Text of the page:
Growers warned of prevalence of new aggressive blight strains

Another unseasonably dry spring may have reduced early blight risk so far, but growers have been warned of the prevalence of new aggressive strains.

This year has started very dry with low blight risk, but it could quickly turn into a big blight year, according to agronomy firm Hutchinsons.


It said much can be learned from the 2021 season, which saw many crops carrying significant loading of potato blight, even where the best chemistry was used.


The weather was a key factor in this turnaround, but it also coincided with an increase in the EU_36_A2 blight strain.


This strain, according to monitoring by the AHDB, was prevalent across all but western England last year and dominated infections in eastern counties.


Data from crop protection firm Belchim suggests EU_36_A2 has the ability to produce many more spores in a wider range of weather conditions than strains that have previously dominated UK blight populations, such as EU_13_A2 or EU_6_A1.


Another strain, EU_37_A2 has a similar capacity to 36_A2, and is also resistant to fluazinam, however, confirmed infections have declined with a reduction in the amount of fluazinam used across the industry, leaving it now largely confined to the West and North.


Hutchinsons root crop technical manager, Darryl Shailes said: “EU_36_A2 is also outcompeting it, which is common in the epidemics of recent seasons, when one strain tends to dominate field infection with very little mixture of genotypes being identified.”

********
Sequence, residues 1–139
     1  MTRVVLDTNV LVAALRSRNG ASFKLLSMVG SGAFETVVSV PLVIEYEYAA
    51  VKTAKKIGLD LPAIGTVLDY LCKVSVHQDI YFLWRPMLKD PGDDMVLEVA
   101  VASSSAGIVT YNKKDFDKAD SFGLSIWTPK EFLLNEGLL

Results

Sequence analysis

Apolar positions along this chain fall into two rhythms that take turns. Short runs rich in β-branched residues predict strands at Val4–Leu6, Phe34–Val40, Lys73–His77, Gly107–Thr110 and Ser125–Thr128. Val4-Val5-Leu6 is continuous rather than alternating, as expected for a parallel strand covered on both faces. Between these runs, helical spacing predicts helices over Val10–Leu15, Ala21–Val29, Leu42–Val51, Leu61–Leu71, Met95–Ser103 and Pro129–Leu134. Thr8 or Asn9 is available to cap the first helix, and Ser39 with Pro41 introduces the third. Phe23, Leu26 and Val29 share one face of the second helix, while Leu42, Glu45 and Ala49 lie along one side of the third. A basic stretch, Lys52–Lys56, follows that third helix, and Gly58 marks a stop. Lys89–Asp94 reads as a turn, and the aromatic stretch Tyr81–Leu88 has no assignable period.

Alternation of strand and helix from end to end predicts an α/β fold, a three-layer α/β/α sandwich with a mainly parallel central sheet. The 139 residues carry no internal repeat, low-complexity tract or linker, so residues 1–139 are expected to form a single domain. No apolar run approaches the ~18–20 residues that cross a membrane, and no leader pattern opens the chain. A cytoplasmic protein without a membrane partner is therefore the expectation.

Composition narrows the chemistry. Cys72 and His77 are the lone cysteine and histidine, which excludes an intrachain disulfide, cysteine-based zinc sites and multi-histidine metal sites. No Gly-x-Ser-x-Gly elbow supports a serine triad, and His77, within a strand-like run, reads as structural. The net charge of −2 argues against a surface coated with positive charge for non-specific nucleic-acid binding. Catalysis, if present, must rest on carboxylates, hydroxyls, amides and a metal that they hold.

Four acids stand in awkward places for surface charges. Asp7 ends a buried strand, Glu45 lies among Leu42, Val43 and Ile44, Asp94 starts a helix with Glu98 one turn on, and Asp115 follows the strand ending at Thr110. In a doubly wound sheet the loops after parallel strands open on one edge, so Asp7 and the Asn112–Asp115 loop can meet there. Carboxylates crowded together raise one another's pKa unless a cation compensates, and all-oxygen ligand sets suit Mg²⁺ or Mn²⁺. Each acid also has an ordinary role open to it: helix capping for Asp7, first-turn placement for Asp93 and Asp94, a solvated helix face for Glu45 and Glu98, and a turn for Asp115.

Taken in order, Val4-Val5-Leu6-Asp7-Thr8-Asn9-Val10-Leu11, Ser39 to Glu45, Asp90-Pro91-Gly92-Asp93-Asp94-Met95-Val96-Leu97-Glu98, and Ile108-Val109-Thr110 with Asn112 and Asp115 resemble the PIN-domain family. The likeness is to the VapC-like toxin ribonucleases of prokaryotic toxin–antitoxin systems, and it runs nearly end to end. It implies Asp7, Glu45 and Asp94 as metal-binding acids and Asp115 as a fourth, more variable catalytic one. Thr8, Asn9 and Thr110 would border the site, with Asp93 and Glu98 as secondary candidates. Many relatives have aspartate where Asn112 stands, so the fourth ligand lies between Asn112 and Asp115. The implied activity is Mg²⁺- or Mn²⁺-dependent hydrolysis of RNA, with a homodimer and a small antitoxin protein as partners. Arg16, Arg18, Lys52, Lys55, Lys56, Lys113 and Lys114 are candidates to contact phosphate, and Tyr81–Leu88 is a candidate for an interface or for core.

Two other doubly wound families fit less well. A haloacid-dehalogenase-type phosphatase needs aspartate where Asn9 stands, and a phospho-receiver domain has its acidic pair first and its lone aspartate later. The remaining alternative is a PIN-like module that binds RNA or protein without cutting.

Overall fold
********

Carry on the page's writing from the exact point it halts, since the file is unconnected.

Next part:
However, he points out that last season’s AHDB monitoring did show an increase in the number of “other” genotypes found in Scotland, suggesting there may be some new, as yet unidentified strains being created by genetic recombination.


Mr Shailes urged growers to consider the changing nature of blight infections when putting together control strategies through the season, particularly as crops go through rapid canopy expansion to full canopy.


“In trials we always see the weakest programmes have the weakest start and cannot be brought back with very robust treatments later in the season.


"In recent seasons the epidemic has tended to be early in the season when crops are approaching full canopy.”


The strongest option with good systemic activity to protect rapidly growing canopies is benthiavalicarb + oxathiapiprolin, he explained.


Using it for the third or fourth blight spray, or earlier if necessary, is generally an effective timing, and in high risk situations, he recommended reducing the spray interval to seven days from the more normal 10.



However, as with any fungicide programme, Mr Shailes said product stewardship was vital, so growers should use a range of different actives and alternate modes of action throughout the season.


Source: Farming UK